There are several reasons for this decline in standing but I shall mention only two. The first is that in the medieval and early modern periods they were very ambitiously presented as deductive demonstrations. That is to say it was held that their premises were entirely evident and hence beyond doubt, and that the inference from these to the conclusion that God exists was unquestionable. The general effect of scepticism developed in modern philosophy and largely maintained ever since has been to cause philosophers and others to dispute whether any statement is beyond doubt or contention. Also, it has come to be held that there could be other explanations of the phenomena cited (whether we know what these explanations might be is another matter) and hence the very most that could be said is that these phenomena are more likely to have been produced by God than to have arisen naturally.

Consider, for example standard forms of (A) cosmological and (B) teleological arguments:

1.Some things change.
2.If any things change then there must be an uncaused cause of change.
3.Therefore there is an uncaused cause of change.


1.Some things exhibit regularity.
2.If any things exhibit regularity then there must be an uncreated designer.
3.Therefore there is an uncreated designer.

It might be thought that the first premise in each argument is indeed beyond dispute, but that fails to take account of the ingenuity of scepticism and other philosophical querying of the apparently evident. More significantly the second premise in each case is nowadays quite widely challenged. This is due, I suggest, to the influence of scientific thought.

To begin with the second argument, whereas it was once thought to be the case that the regularity of the tides, seasons, planetary motions, and so on, and the existence and operation of organs that benefit the animals that possess them, could only be explained by reference to an extra-natural source of order, these assumptions are now taken to be disproved by theoretical physics and Darwinian evolutionary theory. This is not the occasion to pursue these matters in detail but let me offer a couple of comments in defence of the theological proofs (I explore these issues at much greater length in my half of J.J.C. Smart and J.J. Haldane, Atheism and Theism 'Great Debates in Philosophy' (Oxford: Blackwell, 1997)).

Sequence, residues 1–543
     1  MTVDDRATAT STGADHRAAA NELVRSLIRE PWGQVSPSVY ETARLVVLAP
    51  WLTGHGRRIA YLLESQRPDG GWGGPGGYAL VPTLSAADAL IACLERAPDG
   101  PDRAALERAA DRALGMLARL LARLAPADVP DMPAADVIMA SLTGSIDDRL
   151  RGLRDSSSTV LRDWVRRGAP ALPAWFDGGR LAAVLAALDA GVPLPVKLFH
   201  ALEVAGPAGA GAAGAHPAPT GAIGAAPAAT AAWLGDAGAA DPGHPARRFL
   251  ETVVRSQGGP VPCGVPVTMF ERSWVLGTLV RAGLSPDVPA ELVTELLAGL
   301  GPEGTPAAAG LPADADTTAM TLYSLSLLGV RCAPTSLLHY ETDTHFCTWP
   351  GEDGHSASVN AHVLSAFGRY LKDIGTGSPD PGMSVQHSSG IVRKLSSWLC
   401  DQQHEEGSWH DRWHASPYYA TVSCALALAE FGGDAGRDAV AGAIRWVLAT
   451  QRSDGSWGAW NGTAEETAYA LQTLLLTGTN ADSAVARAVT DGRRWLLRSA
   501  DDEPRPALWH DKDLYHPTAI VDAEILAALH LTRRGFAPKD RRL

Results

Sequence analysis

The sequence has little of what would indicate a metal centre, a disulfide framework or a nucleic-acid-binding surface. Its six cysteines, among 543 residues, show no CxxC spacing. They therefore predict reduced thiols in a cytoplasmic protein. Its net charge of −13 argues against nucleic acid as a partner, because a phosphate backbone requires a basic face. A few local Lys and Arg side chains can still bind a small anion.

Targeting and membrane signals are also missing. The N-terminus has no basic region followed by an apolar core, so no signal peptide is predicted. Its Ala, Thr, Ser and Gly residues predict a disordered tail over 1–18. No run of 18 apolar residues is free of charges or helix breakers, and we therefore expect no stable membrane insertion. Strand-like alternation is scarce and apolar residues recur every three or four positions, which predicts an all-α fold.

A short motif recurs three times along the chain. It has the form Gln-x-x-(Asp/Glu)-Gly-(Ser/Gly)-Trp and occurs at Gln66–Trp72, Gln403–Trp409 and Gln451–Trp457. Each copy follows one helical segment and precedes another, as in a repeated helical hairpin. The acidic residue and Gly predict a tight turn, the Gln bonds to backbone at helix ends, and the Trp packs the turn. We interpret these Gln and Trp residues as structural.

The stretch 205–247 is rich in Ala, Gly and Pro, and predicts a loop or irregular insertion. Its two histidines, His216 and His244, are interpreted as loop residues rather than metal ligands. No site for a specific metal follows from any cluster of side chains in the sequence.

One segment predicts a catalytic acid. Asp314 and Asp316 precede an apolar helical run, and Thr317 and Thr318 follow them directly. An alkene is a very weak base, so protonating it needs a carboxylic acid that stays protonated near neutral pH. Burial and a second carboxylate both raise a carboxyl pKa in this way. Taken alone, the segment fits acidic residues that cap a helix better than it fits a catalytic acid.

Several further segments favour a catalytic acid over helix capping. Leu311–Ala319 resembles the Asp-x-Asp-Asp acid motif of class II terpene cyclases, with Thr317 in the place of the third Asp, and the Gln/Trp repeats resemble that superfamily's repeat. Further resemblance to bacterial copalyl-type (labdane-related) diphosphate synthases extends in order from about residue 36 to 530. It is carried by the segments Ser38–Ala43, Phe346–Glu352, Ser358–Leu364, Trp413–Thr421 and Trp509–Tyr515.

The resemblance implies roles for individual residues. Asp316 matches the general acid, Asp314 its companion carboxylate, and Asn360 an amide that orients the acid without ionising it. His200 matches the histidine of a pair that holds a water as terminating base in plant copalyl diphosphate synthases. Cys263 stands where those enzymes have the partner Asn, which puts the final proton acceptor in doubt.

The regularity evident in the universe from the macroscopic to the microscopic levels is well attested. Even quantum phenomena exhibit significant statistical patterns. Although it may not be determinate when a microphysical particle will be emitted, the fact is that this remains within a range of probability that renders the effects systematic. So, whether we are dealing with determinate or probabilistic propensities we still find nature to be orderly and this is not self-explanatory. It may be said that were it not orderly there would have been a cosmic collapse and certainly we would not have existed to raise our questions. If this is so it hardly eliminates the wonder. Our existence allows the fact of natural order to be observed but had we not existed that order would remain. The issue of the origin of order is a real one. Either we look for an explanation or we say in advance that there is none to be found. Adopting the first option it is hard to see what the conclusion could be save that order results from the activity of a creator. Adopting the second involves a markedly unscientific assumption. It ill suits the scientifically minded, therefore, to say that belief in a creator is incompatible with the scientific outlook.